Sani Marc Group’s virtual magazine

Do Hospitals Make You Sick?

Hospital

Both science and logic suggest that if you are sick, going to the hospital will make you feel better, not worse. However, studies show that 5% of all hospital patients acquire some kind of infection during their visit. What’s more, these 5% of patients are much more likely to end up back in the hospital sometime during the following year.

Hospitals are home to all sorts of germs (viruses and bacteria), but the main source of contamination is the patient himself. This in itself is not surprising. A patient who is ill will obviously have a weak immune system and therefore be more susceptible to germs. Aside from the germs borne by the patient, microbes can come four other main vectors of transmission: other patients, staff, visitors and the environment. Fortunately, infections from the environment (water, air, dust) tend to be rare, and the spread of germs between patients and contamination by staff can be largely avoided through hand disinfection.

 

Take the situation in hand!

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It’s no secret that cleaning is the key to proper hygiene in hospitals. Although hospital rooms are thoroughly cleaned between patients, if you or a family member has to stay in the hospital for a few days, you can ask that commonly touched areas (such as door handles and bathroom) be disinfected. Though most people routinely wash their hands before touching a sick patient, they do not always think to do so before touching their bed railing, bedside table or the light switch in their room – even though these items are usually crawling with germs. Then there are all those other objects that are touched or shared by several people: bathroom faucets, remote controls, elevator buttons, handrails along walls and in stairwells, meal trays, touch screen monitors, telephones, etc. Whenever possible, use a handkerchief when handling these items to prevent infection.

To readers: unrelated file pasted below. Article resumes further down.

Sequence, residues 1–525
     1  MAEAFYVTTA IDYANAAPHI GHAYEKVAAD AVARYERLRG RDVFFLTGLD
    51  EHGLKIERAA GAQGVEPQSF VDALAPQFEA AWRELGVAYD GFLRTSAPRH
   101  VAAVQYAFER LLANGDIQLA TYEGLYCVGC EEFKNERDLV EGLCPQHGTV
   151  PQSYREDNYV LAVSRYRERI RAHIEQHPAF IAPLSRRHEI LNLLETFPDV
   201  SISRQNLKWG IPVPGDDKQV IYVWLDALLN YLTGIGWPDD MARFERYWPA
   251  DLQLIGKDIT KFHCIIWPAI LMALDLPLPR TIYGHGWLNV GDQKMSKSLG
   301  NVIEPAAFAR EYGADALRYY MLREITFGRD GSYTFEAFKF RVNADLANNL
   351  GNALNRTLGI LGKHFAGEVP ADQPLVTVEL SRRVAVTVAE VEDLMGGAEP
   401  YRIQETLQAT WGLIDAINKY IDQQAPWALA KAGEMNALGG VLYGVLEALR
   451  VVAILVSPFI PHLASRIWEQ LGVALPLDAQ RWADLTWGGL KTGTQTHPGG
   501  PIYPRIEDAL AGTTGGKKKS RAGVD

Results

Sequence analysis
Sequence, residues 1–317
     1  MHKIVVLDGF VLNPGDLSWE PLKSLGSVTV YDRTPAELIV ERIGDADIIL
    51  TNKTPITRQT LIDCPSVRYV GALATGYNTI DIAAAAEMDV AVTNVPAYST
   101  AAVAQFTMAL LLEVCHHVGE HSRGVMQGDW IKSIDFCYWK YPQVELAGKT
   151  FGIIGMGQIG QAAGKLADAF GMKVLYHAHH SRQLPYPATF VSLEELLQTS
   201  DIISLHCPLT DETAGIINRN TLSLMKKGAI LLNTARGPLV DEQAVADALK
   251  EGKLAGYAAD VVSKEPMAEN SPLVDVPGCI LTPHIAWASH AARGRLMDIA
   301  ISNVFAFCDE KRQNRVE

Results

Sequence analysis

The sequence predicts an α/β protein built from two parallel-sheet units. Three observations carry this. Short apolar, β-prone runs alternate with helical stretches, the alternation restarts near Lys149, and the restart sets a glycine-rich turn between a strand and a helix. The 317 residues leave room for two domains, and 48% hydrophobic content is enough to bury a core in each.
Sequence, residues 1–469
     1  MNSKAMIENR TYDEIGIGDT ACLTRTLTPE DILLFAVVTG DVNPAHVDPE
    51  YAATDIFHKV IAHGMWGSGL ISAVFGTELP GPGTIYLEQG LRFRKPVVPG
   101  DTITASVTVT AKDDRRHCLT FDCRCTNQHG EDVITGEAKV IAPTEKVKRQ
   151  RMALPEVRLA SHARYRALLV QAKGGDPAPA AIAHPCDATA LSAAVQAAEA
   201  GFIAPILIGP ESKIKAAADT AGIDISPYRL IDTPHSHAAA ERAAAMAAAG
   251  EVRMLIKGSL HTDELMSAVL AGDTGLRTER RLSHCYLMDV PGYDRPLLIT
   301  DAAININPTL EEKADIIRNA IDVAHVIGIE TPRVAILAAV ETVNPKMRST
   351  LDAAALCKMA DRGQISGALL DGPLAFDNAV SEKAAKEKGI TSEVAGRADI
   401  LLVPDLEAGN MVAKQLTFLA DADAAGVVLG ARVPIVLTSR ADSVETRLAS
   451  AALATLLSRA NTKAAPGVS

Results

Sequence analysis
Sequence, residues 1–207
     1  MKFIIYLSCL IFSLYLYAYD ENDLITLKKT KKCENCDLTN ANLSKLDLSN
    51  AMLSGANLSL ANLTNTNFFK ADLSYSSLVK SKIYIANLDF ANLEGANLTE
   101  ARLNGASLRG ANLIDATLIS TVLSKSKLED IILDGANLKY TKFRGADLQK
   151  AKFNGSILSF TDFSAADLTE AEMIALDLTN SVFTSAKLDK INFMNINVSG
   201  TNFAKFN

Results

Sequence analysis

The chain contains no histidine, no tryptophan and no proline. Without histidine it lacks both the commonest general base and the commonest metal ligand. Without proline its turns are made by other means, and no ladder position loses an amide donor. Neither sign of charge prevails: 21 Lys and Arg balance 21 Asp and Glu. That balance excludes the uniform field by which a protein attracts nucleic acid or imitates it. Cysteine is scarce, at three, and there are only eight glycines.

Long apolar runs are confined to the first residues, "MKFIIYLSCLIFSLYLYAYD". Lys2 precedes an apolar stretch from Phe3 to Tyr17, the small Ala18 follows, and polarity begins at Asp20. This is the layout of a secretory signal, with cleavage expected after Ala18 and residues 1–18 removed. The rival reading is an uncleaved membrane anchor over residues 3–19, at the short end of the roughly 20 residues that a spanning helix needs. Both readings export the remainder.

That said, washing one’s hands remains the simplest, cheapest and most effective way of reducing the spread of infections. Antiseptic gel dispensers can usually be found throughout hospitals and in each room. Remember that most germs are spread by hand: Infected people touch their mouth or nose, and then touch other people or objects around them. Something as simple as hand washing can really make a difference.

 

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